That's why I have been doing something about it. Blogging or making comments is too easy and probably doesn't have any impact anyways.
We have a big problem in this country with elites believing that they have the right to totally control the media, control our education, and thus, control our history. I say we need to rip it out of their hands, learn it, and then hammer them with it. I know I'm not alone, I just don't know how many people agree with me in this sentiment. I say we need to make it easier for others around us to do the same with useful tools that can make the learning time more efficient. Instead of it taking you a few days, a week or more to go through the convention, which is a very difficult read to begin with, I'll make it so you can do it in a few hours.
With regard to the re-creation of the Convention, it is still a work in progress and will not be completed for quite some time, as the Convention is(was) a massive, massive event. What is currently complete, can be downloaded from here. Still, I can't wait to deliver it to anybody who wants to learn from it, because contrary to what this piece of Judge has stated, the Constitution does deal with many of today's problems. I noted three ill comments from the judge that I want to address:
Eighteenth-century guys, however smart, could not foresee
They foresaw you, Judge Posner. On July 21st, 1787, Gouverneur Morris had some very prescient comments regarding judges mixing their role in the legislative arena, and how big of a problem that was in England. They also foresaw out of control government, because they lived with it with King George. Here is what Rufus King had to say regarding excessive government: "A great vice in our system was that of legislating too much." (Aug. 7th) Imagine that, the Founders thought government was involved in too much, back in 1787!
Eighteenth-century guys, however smart, could not foresee the culture, technology, etc., of the 21st century. Which means that the original Constitution, the Bill of Rights, and the post–Civil War amendments (including the 14th), do not speak to today
This is how progressives get you. They confuse governmental structure with day-to-day life, with society, with culture, as a way of demeaning and undermining imposed constraints on their power and their ability to dictate to you. Woodrow Wilson was the first to use this tactic. Wilson was, after all, the guy who invented the concept of the "Living and breathing constitution" in the first place. The fact is this: The Constitution is still a very grave threat to anybody who believes in the ideology of progressivism, and the document offends their sensibilities. That to me is a strong indication that the Convention needed to be more easily consumed.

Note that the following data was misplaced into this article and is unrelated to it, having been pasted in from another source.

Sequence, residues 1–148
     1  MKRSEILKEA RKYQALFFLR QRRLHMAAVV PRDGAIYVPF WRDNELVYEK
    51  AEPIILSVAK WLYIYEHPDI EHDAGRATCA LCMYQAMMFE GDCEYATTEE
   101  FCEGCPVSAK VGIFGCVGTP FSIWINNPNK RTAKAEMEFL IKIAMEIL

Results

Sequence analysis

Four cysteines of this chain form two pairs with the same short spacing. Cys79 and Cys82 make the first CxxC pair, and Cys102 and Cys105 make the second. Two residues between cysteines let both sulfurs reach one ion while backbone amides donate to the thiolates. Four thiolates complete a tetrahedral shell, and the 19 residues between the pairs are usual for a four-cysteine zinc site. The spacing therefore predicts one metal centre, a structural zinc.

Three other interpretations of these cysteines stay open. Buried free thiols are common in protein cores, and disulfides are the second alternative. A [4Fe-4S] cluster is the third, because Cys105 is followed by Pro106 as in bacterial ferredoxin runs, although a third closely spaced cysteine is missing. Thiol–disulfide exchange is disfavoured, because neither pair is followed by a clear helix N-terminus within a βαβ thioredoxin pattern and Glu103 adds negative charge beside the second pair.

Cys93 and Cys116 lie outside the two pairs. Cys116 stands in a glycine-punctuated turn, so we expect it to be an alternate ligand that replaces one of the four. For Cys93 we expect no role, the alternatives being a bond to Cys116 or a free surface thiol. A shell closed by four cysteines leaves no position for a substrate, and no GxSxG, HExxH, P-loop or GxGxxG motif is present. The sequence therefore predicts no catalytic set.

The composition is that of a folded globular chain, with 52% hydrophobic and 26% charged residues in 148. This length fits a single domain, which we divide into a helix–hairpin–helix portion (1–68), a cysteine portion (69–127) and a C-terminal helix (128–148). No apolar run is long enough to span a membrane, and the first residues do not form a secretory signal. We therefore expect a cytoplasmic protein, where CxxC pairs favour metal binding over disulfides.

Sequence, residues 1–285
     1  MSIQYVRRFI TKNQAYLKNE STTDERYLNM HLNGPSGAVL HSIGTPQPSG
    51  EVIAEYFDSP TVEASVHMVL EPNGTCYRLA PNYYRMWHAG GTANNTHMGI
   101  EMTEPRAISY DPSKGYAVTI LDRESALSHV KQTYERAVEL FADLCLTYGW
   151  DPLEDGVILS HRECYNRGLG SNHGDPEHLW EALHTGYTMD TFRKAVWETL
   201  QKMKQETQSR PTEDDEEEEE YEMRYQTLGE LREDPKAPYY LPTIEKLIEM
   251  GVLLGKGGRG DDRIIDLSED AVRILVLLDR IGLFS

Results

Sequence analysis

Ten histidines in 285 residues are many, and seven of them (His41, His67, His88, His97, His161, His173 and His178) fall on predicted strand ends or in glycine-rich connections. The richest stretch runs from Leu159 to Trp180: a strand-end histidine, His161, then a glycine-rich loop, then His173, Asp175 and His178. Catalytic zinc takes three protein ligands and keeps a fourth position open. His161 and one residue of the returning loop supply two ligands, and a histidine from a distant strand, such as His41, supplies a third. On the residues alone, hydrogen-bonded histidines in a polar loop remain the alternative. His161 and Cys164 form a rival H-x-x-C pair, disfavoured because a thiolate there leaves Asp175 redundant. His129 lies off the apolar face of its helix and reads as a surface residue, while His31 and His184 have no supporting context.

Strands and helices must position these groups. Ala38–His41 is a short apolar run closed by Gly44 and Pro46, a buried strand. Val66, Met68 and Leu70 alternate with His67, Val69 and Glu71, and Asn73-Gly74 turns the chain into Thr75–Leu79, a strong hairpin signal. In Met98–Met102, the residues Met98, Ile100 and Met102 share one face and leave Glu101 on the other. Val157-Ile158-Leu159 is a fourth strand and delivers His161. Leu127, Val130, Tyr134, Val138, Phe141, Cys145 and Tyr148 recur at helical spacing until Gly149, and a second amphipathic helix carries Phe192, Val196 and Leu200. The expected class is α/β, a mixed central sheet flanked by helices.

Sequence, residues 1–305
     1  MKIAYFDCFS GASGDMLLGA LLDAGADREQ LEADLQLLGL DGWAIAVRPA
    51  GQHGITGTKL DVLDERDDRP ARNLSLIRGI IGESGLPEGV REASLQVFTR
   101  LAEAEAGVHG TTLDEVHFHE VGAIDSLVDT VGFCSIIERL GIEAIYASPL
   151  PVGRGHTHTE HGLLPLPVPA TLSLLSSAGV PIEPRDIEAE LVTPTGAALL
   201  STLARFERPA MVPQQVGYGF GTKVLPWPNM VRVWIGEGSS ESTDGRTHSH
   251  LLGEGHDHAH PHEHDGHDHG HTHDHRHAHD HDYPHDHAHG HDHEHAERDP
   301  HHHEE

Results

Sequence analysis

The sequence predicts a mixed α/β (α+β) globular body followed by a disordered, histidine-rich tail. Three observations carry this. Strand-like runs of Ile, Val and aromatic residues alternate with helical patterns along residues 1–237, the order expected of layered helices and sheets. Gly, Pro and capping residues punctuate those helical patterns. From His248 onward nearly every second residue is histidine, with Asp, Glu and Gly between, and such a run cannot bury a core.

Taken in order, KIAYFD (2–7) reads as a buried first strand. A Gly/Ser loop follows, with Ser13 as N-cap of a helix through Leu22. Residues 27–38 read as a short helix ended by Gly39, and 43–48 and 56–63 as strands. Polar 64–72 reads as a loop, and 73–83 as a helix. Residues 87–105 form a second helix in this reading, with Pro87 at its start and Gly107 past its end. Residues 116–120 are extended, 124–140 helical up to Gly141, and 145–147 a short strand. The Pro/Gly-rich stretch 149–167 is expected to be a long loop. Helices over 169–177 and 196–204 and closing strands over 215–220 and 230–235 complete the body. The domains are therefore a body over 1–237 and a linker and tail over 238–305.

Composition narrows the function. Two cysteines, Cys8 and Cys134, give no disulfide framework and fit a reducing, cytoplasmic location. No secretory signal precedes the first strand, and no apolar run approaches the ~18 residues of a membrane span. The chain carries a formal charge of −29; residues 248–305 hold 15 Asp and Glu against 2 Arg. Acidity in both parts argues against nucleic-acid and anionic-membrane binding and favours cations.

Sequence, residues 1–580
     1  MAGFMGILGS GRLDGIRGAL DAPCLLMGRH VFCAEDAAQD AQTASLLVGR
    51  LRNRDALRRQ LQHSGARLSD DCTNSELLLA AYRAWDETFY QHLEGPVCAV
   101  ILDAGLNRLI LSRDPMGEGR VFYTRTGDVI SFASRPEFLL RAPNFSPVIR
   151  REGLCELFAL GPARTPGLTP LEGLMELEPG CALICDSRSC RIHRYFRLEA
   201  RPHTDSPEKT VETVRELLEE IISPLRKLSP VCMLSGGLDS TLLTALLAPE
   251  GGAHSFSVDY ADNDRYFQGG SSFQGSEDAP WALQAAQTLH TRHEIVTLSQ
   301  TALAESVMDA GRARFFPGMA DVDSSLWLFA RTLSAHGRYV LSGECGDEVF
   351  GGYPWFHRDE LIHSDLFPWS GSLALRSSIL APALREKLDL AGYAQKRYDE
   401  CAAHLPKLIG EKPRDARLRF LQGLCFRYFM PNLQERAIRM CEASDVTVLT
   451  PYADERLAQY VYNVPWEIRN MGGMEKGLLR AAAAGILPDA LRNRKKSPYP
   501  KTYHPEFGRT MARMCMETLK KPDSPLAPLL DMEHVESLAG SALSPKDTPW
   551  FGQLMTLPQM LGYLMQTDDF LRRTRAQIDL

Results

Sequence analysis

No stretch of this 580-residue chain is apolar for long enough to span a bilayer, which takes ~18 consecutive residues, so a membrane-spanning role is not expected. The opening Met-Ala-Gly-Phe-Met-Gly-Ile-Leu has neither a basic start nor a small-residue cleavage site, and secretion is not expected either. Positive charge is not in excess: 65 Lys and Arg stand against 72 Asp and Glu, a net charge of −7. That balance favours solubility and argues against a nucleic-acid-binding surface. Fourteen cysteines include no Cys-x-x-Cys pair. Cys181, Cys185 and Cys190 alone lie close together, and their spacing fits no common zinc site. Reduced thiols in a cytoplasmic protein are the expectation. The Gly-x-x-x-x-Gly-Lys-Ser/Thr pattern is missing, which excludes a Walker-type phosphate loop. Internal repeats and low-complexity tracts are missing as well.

The Supreme Court treats the Constitution like it is authorizing the court to create a common law of constitutional law, based on current concerns, not what those 18th-century guys were worrying about.
This is the second time that the Judge has used the phrase indicating the century.(I underlined them) This is also a common refrain for progressives going back more than a 100 years.(see here, here, here referencing this, here, and here) Much to Judge Posner's and other progressives' chagrin, what happened in the 18th century regarding individual Liberty is still the newest and the most unique idea in all the long history of man's relation to man, much more forward thinking than most of what occurs in the 21st century.
Just to reiterate the title of the blog posting, re-creating the Convention is not an easy project, but it will be done. And it is to the benefit of those of us who stand against anybody with the kind of twisted mindset that Judge Posner is afflicted with.
The Convention download page can be found here.